Friday, 30 April 2010

Black Horse Bike Ride – raising money for Multiple Scelrosis

The Black Horse, Reigate in Surrey.
This time last year we didn't have a blog so we couldn't really write about the great Black Horse Bike Ride, which this year is on Sunday May 16th. I think I'm right in saying that this year will be Andy's fourth attempt and my third and both of us are seriously hoping for good weather. Last year we had heavy rain and it wasn't at all pleasant. We were both soaked through, we then dried out during the middle part and then got a soaking again towards the end. Half way around I seemed to run out of fuel (I'd eaten nowt but a bacon sarnie for breakfast and that was at the pub and then, somewhere near Crawley, I faltered and had to stock up on cheese sandwiches and Digestive biscuits to finish the course.

The big problem with last year was the weather, it was awful, and I seriously hope it stays fine for this year. It's a 50-miler that weaves its way through some picturesque parts of Surrey and Sussex, skirts around Gatwick airport and then heads back through quaint little places like Rusper.

The ride starts and finishes at the Black Horse, a pub in Reigate that sells excellent beer (Young's) and throws in a free pint AND a barbecue (also free) for all the riders. It's a great day out. Last year Andy and I cycled to the start line from our respective homes (although my memory is a little hazy on that as I think I got the train to Redhill and cycled from there). The point is we didn't chuck our bikes in the car as we'd done the year before. Not sure how we're going to play it this year, although after that knackered feeling you get after a big distance, the thought of cycling home is not good at all. Last year, I think I cycled around 70 miles in total and when I reached home I went straight to bed and slept for 12 hours.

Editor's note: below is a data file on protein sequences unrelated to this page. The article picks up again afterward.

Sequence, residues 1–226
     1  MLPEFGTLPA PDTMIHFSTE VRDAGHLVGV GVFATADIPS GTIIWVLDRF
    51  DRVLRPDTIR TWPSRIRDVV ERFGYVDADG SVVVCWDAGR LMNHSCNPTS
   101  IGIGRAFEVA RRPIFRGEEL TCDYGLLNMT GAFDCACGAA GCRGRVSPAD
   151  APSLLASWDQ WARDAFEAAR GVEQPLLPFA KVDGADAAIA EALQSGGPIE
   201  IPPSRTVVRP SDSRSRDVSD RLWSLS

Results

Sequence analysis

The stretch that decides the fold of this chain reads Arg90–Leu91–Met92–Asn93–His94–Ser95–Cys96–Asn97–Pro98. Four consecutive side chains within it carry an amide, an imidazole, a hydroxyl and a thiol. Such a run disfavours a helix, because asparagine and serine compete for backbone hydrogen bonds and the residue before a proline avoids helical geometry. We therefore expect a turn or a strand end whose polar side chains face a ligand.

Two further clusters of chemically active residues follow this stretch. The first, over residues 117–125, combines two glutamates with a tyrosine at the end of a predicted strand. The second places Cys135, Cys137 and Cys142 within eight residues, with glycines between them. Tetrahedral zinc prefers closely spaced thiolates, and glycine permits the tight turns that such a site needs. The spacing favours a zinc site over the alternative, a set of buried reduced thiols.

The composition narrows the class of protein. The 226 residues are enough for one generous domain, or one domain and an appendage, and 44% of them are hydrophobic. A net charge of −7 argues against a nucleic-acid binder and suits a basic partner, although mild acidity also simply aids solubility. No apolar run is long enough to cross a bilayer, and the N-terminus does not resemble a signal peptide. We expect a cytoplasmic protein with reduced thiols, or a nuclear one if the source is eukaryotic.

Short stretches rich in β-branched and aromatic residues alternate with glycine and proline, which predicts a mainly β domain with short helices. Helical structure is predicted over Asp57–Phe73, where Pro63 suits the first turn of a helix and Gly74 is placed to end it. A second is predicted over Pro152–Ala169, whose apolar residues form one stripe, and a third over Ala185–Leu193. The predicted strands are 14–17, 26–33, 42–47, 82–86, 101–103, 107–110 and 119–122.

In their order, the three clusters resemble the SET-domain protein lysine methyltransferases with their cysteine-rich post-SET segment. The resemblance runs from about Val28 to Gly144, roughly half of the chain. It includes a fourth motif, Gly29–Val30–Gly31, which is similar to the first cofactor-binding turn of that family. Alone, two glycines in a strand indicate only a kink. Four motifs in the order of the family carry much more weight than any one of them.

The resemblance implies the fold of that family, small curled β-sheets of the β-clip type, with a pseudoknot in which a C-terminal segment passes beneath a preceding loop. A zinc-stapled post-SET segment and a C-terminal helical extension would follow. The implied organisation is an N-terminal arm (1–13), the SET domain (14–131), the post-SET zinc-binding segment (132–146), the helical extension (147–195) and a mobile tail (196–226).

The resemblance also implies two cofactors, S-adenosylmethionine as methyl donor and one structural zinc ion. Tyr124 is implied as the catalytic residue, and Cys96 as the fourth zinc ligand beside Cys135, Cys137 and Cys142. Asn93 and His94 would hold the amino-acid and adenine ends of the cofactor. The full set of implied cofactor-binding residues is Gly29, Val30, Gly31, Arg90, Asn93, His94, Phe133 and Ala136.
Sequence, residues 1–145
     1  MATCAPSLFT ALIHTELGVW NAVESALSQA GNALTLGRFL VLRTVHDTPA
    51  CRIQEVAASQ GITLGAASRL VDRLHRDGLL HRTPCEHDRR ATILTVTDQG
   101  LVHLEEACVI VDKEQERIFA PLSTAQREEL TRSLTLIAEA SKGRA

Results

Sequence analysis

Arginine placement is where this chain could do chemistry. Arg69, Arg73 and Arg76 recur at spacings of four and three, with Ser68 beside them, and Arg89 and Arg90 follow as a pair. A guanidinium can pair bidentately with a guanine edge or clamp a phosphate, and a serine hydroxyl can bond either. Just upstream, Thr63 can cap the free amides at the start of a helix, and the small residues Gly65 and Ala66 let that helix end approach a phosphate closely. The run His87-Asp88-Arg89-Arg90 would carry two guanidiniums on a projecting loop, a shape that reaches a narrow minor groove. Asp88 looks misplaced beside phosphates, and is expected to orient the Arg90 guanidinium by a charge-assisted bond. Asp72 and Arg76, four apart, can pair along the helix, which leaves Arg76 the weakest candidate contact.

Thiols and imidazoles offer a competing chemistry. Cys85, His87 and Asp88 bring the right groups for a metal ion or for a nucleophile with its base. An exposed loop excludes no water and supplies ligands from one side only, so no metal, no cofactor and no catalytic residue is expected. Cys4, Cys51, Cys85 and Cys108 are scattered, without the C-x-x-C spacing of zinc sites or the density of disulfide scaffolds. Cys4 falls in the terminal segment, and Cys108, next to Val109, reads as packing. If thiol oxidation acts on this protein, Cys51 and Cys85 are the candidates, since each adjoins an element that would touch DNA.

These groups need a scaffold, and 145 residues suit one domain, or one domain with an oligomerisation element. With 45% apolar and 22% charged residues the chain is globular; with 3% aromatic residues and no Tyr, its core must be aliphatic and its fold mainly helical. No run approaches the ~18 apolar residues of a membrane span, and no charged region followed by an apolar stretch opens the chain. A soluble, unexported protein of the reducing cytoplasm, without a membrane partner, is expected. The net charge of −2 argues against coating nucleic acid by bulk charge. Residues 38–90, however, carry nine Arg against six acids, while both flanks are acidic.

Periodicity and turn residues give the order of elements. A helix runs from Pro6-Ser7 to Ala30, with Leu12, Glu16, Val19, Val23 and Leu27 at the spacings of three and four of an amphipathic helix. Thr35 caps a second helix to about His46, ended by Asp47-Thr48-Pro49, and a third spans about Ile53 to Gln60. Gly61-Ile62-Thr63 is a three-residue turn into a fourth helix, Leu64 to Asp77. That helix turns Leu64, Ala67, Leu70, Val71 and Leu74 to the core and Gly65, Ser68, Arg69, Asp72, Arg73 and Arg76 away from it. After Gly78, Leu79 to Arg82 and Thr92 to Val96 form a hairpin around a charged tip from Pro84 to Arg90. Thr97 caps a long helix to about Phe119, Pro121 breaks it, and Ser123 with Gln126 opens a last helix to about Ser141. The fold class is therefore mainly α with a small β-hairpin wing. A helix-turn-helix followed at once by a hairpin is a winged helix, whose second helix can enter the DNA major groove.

Getting back to the pub is probably the best bit of the lot. Taking that first sip of Young's and that first munch on a large beefburger with onions is better than sex. No, honestly, it is. Well, alright, it's similar. Okay, it bears no resemblance whatsoever, but you know what I mean.

So, there you have it, NoVisibleLycra's third year on the Black Horse Ride and we're looking forward to it. Not sure how many, if any, strangers stumble across this site, but if you're reading this now and consider it a worthy cause, then go to and donate some money.

Monday, 26 April 2010

The tunnel under the motorway...

On the way to Merstham via Gangers Hill there is a tunnel under the M25. In fact, on all our cycles we tend to go under the M25 – and over it too. This shot was taken on Saturday 24 April on the approach to one of these tunnels. I know, it's not very exciting, of course it isn't, but this blog is all about our cycling and these tunnels do play a part in our adventures.

The shot above was taken in the tunnel. It's quite amazing how there is no graffiti on the walls, but then I wonder how many of the local  nutters even know of the tunnel's existence?

Lastly, my brother Jon at Merstham, outside Hunger's End, fixing a puncture. It's the same puncture he's had for ages but he hasn't fixed it. The thing is, punctures are like hernias, I've probably said this before; they won't fix themselves and can only get worse.

Actually, I forgot to add this shot of The Enterdent taken from the top looking down. It might look pretty average, but believe me, there's a steep descent just out of view, which I had just ascended.

Sunday, 25 April 2010

Sunday 25 April 2010 – to Godstone Green (and back)